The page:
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Homeowners insurance doesn’t need to be complicated. Compare rates from Virginia by city and insurance company below.
Homeowners insurance is an optional — but important — product that works to keep your belongings safe in the event your house or property suffers damage from common incidents. A homeowners insurance policy protects your dwelling, personal property, and other buildings in the event of an array of calamities, such as fire, theft, vandalism, or wind damage.
Major gaps exist in homeowners insurance costs from state to state. Home insurance costs in a given state diverge depending on the number and value of homeowners claims filed in that state, and depend on the price of the belongings and home you're insuring.
The easiest way to find a cheap home insurance policy in Virginia is to view prices from as many insurance companies as you can. Get an idea of how much home insurance costs in Virginia by referencing the below tables. Individual rates may vary depending on coverage options and the value of the dwelling being insured.
Home insurance prices in Virginia vary depending on the insurance company you choose. Virginia Farm Bureau offers the best deal on home insurance policies in Virginia — $777 yearly. This compares favorably to the state average rate of $1,100, offering a $324 price cut on the state's average rate.
Begin the hunt for cheap home insurance by viewing average rates from top Virginia companies, listed below.
|Insurance Company||Average Yearly Rate in Virginia|
|Virginia Farm Bureau||$776.59|
Not all Virginia cities have equal homeowners insurance rates. Prices may depend on locally specific variables such as the number of local claims filed, giving your ZIP code weight in deciding how much you pay.
The best homeowners insurance in Virginia is found in Arlington. A typical home insurance term in Arlington totals just $777 per year — $323 less than the average policy in other Virginia cities. The below table shows the best places to live in Virginia if you’re looking for cheap homeowners insurance.
|City||Average Yearly Home Insurance Rate|
If you’re seeking ways to save on your insurance expenditures, consider holding your car and homeowners policies with the same insurance company. Bundling homeowners and auto insurance in Virginia can save you a substantial sum each month on car insurance. Bundling policies in Virginia may generate a yearly discount of $57.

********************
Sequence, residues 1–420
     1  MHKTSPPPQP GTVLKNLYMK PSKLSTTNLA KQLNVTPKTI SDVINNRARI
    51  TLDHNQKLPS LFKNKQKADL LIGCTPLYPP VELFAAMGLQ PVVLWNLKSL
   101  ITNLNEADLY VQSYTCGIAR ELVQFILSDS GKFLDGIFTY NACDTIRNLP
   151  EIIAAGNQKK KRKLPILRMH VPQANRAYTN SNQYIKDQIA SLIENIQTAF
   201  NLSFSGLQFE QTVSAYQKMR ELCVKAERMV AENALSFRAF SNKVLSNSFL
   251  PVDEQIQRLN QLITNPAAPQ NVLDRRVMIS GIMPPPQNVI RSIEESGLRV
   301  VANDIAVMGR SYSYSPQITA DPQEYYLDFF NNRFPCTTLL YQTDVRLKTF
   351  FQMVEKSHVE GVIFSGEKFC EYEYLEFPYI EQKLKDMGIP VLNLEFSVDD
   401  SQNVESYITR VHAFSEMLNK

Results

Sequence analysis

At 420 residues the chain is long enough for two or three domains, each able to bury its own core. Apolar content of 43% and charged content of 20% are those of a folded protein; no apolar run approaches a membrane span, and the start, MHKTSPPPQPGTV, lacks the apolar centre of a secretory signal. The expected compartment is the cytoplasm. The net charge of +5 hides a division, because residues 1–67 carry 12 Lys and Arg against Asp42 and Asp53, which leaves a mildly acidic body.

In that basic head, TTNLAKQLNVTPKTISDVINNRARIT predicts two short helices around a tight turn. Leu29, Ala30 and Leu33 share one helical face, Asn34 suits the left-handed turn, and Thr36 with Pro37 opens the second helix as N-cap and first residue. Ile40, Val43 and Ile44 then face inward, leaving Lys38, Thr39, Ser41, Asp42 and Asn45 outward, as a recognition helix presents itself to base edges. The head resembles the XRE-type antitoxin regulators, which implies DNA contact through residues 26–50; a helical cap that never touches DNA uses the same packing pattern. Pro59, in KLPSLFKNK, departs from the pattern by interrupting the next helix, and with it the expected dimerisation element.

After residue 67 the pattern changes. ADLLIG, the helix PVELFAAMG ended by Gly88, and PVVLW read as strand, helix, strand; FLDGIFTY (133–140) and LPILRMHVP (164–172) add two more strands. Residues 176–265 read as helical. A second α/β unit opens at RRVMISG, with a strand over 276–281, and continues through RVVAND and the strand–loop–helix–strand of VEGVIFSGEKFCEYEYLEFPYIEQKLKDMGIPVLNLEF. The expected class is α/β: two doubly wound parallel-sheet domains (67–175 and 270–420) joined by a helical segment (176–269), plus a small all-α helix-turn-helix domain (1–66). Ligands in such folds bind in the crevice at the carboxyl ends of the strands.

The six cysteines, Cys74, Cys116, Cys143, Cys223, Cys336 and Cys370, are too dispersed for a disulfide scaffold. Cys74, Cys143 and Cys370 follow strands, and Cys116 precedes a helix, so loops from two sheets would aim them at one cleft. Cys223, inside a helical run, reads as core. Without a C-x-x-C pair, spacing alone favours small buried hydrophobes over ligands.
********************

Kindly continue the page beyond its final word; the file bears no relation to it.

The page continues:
|Avg. Annual Auto Insurance Rate (No Bundle)||Avg. Annual Auto Insurance Rate (Bundle)||Annual Bundle Savings||Bundle Savings %|
A great way to save is to bundle your home and auto insurance policies. Find a policy today!
Because hurricanes can cause such calamitous damage and completely ravage buildings altogether, insurers are reluctant to take on the full risk of hurricanes as a whole. If you live in Virginia, you could face increased risk of experiencing hurricane damage. In fact, 26,960 single-family homes are at extreme risk of hurricane damage in Virginia.*
If you live near the coast, it's crucial to check and understand your homeowners insurance policy because usually a basic home policy won't be sufficient to cover hurricane damage — you would need separate flood and windstorm insurance policies, both of which would be applicable to pay for repairs or replacements. Depending on your location, your insurer may require a separate hurricane deductible if you live in a region that's at high risk for hurricanes.
*Source: Insurance Information Institute (https://www.iii.org/fact-statistic/facts-statistics-hurricanes)
Flood damage — no matter the circumstances under which it occurs —is not covered by standard home insurance. To ensure your home is covered, buy insurance through FEMA's National Flood Insurance Program (NFIP) or via a private insurance company.
Flood insurance coverage from private companies may vary, but if you buy through the NFIP you receive:
If the value of your property and home exceed these limits, consider purchasing a policy from a private company for additional protection. Flood insurance is key in Virginia, which suffered $4,361,841 in 2016 flood insurance claims, according to data from FEMA.